4. The result of all this is a heavy burden on electricity and water usage, which could be alleviated if marijuana was grown in the field just like any other crop.
5. Further, if marijuana is grown in the field, experts will be placed on the task of ensuring that it's grown according to reasonable standards (because companies do their damnedest to prevent themselves distributing tainted product), research conferences will be held to improve them, and toxins will become a lesser issue.

All of these pieces are important to the story, as is an assessment of why the harms in status quo matter. Why should I care that we're wasting electricity? Aren't I doing that right now on my laptop? Why do water resources matter, particularly in places that are undergoing drought? What are the toxins doing to marijuana smokers, growers and distributors? I need all of this, and I'm not getting any piece of the puzzle here. Pro's just asserting that things will happen the way he claims, and not explaining the how or the why it matters sufficiently.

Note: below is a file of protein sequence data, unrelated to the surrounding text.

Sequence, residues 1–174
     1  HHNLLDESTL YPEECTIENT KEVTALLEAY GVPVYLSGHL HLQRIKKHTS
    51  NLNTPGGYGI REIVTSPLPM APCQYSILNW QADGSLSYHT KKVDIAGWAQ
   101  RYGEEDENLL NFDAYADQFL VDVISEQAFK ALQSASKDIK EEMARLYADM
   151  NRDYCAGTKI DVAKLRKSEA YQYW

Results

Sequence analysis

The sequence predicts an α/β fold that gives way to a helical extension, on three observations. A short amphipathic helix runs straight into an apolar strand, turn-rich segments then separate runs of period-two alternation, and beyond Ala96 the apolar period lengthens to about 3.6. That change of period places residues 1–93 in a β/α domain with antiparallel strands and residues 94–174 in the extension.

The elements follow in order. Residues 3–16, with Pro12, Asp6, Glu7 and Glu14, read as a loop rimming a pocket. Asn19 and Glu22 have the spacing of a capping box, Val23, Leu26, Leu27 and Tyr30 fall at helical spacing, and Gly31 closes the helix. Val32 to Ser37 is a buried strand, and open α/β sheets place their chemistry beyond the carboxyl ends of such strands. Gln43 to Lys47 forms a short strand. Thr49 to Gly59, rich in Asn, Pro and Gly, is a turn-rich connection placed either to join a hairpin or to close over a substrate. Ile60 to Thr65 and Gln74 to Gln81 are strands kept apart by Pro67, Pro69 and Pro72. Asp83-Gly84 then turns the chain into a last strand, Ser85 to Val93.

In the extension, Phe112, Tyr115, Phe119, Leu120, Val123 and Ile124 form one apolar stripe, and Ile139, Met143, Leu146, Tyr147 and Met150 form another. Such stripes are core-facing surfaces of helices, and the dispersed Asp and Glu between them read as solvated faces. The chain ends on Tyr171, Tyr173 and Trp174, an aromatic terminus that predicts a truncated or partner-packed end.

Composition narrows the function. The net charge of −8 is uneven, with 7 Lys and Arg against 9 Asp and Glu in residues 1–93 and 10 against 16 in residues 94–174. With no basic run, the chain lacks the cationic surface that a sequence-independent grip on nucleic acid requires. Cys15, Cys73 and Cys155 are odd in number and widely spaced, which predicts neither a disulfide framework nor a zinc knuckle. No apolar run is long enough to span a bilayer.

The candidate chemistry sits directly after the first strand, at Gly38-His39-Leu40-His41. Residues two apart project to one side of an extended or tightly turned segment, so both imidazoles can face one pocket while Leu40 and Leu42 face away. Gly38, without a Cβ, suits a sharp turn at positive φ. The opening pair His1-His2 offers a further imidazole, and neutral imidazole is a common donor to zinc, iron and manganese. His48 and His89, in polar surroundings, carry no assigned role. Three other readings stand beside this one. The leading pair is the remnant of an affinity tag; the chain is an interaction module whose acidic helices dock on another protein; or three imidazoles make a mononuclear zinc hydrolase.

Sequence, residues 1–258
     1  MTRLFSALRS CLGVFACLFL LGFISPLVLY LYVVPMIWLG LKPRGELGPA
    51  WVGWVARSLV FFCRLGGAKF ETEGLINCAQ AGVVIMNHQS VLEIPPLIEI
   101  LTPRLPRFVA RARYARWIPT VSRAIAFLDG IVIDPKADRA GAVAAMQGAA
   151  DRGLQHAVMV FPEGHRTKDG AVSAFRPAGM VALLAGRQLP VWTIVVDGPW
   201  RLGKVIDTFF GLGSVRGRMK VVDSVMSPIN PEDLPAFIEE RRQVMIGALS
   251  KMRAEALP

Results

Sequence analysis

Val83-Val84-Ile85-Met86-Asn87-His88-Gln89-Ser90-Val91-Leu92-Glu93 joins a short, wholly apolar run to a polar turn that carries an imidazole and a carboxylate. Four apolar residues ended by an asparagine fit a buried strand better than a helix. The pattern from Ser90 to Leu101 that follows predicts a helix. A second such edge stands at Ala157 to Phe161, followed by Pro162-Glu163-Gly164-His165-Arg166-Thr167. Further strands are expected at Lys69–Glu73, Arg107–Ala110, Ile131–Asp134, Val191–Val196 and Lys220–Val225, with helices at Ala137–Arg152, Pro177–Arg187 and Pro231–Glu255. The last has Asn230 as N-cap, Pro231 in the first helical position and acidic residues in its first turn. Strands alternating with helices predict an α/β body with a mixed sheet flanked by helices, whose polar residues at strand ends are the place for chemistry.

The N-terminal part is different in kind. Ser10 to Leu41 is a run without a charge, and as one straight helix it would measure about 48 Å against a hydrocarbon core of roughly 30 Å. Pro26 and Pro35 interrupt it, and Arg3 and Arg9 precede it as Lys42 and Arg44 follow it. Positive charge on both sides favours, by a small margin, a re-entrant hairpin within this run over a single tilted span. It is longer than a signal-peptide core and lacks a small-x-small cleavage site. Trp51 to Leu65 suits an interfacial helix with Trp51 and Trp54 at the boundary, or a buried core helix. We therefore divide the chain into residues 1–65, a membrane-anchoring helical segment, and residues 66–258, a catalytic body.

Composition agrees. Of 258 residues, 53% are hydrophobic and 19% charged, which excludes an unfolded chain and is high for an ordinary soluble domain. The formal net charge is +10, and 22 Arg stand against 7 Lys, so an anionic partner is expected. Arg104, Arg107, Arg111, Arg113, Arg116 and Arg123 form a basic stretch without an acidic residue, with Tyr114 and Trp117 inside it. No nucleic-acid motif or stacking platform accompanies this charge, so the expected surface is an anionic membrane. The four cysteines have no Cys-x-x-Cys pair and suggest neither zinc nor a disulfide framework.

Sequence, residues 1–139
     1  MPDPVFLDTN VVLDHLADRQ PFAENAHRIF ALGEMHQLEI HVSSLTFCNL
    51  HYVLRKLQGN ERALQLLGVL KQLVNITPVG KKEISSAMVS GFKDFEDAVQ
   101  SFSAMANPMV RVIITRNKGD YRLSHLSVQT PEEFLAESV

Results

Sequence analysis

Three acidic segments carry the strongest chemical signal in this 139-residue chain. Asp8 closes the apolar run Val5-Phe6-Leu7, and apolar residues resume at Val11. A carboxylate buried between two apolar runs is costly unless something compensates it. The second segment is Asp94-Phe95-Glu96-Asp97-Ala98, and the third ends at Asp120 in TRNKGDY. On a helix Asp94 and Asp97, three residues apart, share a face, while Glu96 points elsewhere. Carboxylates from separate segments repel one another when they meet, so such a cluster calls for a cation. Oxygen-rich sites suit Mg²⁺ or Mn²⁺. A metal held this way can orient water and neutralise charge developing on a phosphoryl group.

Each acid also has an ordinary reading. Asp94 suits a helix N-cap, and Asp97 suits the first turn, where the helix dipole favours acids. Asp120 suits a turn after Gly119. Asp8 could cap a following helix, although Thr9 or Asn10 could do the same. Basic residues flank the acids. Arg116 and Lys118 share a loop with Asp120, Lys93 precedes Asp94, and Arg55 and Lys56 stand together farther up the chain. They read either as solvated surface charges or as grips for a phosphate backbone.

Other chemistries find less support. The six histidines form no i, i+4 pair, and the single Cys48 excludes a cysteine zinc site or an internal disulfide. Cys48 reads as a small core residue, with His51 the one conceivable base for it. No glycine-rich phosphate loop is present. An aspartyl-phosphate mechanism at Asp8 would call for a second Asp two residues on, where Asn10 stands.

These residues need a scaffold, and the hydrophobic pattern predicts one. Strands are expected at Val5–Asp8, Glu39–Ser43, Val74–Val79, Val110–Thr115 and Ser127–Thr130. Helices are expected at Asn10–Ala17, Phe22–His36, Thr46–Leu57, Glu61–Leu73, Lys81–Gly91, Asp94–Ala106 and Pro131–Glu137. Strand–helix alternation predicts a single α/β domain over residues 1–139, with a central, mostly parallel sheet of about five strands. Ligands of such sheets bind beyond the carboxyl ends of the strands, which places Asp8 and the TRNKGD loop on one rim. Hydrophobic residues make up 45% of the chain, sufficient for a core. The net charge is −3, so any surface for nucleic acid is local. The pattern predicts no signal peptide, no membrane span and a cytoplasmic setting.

And Con capitalizes on it. He tells me that there's no clear or potent significance, which I buy. He tells me that expanding production won't reduce any of these problems, which I also buy. Without a clear story from Pro, Con is allowed to fill in the gaps, and turn this point against him.

4) Marijuana and Moral Values

This is another case of the title not really matching the argument. Essentially, this is just an argument with regards to which impacts should be weighed more, and it just feels superfluous. Morality doesn't value anything " morality is the system by which we determine what we value. So the statement that "Morality, however, values humanity inexplicably and irrefutably above the economy" seems like nonsense to me. Selecting a moral system would have made this argument more sensible. Utility might value it that way, for example. But I don't think you even need to give this argument. We all understand that human lives come first. If you want to reenforce the point, then just state it. Don't make it a contention, since that doesn't do anything for your argument.